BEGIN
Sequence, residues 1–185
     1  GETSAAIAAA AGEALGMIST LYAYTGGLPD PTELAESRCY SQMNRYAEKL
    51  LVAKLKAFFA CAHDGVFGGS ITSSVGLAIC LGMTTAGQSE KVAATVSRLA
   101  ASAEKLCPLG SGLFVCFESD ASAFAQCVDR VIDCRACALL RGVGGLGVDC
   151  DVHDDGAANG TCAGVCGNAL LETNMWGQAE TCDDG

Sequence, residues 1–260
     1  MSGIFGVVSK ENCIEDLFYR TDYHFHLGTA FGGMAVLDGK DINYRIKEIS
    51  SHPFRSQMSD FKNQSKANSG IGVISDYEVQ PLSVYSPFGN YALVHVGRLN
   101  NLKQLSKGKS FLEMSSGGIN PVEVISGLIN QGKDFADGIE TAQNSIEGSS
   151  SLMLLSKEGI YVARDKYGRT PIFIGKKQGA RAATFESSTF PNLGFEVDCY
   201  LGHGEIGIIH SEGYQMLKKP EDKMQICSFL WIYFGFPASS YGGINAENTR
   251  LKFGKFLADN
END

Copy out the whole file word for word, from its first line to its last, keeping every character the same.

Sequence, residues 1–185
     1  GETSAAIAAA AGEALGMIST LYAYTGGLPD PTELAESRCY SQMNRYAEKL
    51  LVAKLKAFFA CAHDGVFGGS ITSSVGLAIC LGMTTAGQSE KVAATVSRLA
   101  ASAEKLCPLG SGLFVCFESD ASAFAQCVDR VIDCRACALL RGVGGLGVDC
   151  DVHDDGAANG TCAGVCGNAL LETNMWGQAE TCDDG

Sequence, residues 1–260
     1  MSGIFGVVSK ENCIEDLFYR TDYHFHLGTA FGGMAVLDGK DINYRIKEIS
    51  SHPFRSQMSD FKNQSKANSG IGVISDYEVQ PLSVYSPFGN YALVHVGRLN
   101  NLKQLSKGKS FLEMSSGGIN PVEVISGLIN QGKDFADGIE TAQNSIEGSS
   151  SLMLLSKEGI YVARDKYGRT PIFIGKKQGA RAATFESSTF PNLGFEVDCY
   201  LGHGEIGIIH SEGYQMLKKP EDKMQICSFL WIYFGFPASS YGGINAENTR
   251  LKFGKFLADN